Chapter 2. Using Chez Scheme

Chez Scheme is often used interactively to support program development and debugging, yet it may also be used to create stand-alone applications with no interactive component. This chapter describes the various ways in which Chez Scheme is typically used and, more generally, how to get the most out of the system. Sections 2.1, 2.2, and 2.3 describe how one uses Chez Scheme interactively. Section 2.4 discusses how libraries and RNRS top-level programs are used in Chez Scheme. Section 2.5 covers support for writing and running Scheme scripts, including compiled scripts and compiled RNRS top-level programs. Section 2.6 describes how to structure and compile an application to get the most efficient code possible out of the compiler. Section 2.7 describes how one can customize the startup process, e.g., to alter or eliminate the command-line options, to preload Scheme or foreign code, or to run Chez Scheme as a subordinate program of another program. Section 2.8 describes how to build applications using Chez Scheme with Petite Chez Scheme for run-time support. Finally, Section 2.9 covers command-line options used when invoking Chez Scheme.

Section 2.1. Interacting with Chez Scheme

One of the simplest and most effective ways to write and test Scheme programs is to compose them using a text editor, like vi or emacs, and test them interactively with Chez Scheme running in a shell window. When Chez Scheme is installed with default options, entering the command scheme at the shell's prompt starts an interactive Scheme session. The command petite does the same for Petite Chez Scheme. After entering this command, you should see a short greeting followed by an angle-bracket on a line by itself, like this:

Chez Scheme Version 8.1
Copyright (c) 1985-2010 Cadence Research Systems

You also should see that the cursor is sitting one space to the right of the angle-bracket. The angle-bracket is a prompt issued by the system's "REPL," which stands for "Read Eval Print Loop," so called because it reads, evaluates, and prints an expression, then loops back to read, evaluate, and print the next, and so on. (In Chez Scheme, the REPL is also called a waiter.)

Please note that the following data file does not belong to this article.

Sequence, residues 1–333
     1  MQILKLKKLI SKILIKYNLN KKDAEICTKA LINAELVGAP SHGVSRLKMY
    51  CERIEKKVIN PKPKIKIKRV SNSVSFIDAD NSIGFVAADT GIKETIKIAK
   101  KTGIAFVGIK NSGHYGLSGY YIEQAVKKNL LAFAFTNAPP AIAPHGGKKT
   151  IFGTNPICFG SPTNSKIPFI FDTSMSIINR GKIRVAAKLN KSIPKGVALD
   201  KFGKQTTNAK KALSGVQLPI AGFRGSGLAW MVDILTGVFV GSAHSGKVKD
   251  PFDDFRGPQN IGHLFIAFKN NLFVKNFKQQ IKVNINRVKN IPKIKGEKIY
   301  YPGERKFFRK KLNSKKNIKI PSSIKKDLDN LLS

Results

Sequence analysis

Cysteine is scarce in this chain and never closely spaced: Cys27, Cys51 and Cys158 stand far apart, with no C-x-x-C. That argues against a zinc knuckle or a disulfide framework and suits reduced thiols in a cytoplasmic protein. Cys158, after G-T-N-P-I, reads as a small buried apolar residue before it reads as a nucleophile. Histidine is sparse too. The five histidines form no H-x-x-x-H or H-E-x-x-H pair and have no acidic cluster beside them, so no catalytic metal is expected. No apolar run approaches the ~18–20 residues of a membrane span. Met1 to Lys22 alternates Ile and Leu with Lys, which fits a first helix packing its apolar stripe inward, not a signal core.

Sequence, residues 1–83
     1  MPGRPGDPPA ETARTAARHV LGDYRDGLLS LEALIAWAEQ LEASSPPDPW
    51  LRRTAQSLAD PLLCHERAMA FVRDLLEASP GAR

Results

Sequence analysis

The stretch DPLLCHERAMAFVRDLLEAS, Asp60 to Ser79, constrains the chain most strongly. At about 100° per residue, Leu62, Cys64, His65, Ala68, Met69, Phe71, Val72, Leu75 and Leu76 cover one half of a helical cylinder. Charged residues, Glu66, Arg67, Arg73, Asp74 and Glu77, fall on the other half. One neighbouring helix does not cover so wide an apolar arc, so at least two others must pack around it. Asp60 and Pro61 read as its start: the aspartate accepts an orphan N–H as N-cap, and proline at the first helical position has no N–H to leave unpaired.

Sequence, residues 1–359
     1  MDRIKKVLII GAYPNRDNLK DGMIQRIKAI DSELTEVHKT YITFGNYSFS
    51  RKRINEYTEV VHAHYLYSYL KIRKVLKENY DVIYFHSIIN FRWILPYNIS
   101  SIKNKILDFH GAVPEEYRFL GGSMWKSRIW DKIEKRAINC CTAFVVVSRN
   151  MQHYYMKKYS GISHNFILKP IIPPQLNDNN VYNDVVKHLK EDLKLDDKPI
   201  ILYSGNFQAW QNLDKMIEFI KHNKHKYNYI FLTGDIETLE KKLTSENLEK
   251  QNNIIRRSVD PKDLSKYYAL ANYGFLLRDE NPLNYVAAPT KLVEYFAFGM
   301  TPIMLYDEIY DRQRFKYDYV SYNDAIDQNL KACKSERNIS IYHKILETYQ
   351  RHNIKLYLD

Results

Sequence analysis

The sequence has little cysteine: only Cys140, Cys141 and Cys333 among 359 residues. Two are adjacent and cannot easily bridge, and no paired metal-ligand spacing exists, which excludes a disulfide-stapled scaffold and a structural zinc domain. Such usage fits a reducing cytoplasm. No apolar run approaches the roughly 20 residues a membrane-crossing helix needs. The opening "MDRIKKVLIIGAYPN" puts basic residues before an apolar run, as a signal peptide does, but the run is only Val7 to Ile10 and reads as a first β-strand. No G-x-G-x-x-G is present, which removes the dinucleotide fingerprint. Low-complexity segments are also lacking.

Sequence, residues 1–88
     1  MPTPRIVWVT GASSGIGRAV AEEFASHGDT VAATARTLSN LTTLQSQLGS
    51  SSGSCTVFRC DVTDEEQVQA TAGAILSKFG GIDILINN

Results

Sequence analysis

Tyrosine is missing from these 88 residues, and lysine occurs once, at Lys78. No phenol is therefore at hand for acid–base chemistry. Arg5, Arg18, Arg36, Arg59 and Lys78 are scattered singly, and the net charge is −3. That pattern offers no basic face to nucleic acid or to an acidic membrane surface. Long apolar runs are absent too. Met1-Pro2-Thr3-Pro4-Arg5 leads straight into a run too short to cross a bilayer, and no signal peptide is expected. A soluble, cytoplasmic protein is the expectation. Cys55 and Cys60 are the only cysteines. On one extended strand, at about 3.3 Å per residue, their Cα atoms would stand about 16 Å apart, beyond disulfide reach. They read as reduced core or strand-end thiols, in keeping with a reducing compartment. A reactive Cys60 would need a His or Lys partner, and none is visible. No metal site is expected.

In response to the prompt, you can type any Scheme expression. If the expression is well-formed, the REPL will run the expression and print the value. Here are a few examples:

> 3
> (+ 3 4)
> (cons 'a '(b c d))
(a b c d)

The reader used by the REPL is more sophisticated than an ordinary reader. In fact, it's a full-blown "expression editor" ("expeditor" for short) like a regular text editor but for just one expression at a time. One thing you might soon notice is that the system automatically indents the second and subsequent lines of an expression. For example, let's say we want to define fact, a procedure that implements the factorial function. If we type (define fact followed by a the enter key, the cursor should be sitting under the first e in define, so that if we then type (lambda (x), we should see:

> (define fact
    (lambda (x)

The expeditor also allows us to move around within the expression (even across lines) and edit the expression to correct mistakes. After typing:

> (define fact
    (lambda (x)
      (if (= n 0)
          (* n (fact 

we might notice that the procedure's argument is named x but we have been referencing it as n. We can move back to the second line using the arrow keys, remove the offending x with the backspace key, and replace it with n.

> (define fact
    (lambda (n)
      (if (= n 0)
          (* n (fact 

We can then return to the end of the expression with the arrow keys and complete the definition.

> (define fact
    (lambda (n)
      (if (= n 0)
          (* n (fact (- n 1))))))

Now that we have a complete form with balanced parentheses, if we hit enter with the cursor just after the final parenthesis, the expeditor will send it on to the evaluator. We'll know that it has accepted the definition when we get another right-angle prompt.

Now we can test our definition by entering, say, (fact 6) in response to the prompt:

> (fact 6)

The printed value isn't what we'd hoped for, since 6! is actually 720. The problem, of course, is that the base-case return-value 0 should have been 1. Fortunately, we don't have to retype the definition to correct the mistake. Instead, we can use the expeditor's history mechanism to retrieve the earlier definition. The up-arrow key moves backward through the history. In this case, the first up-arrow retrieves (fact 6), and the second retrieves the fact definition.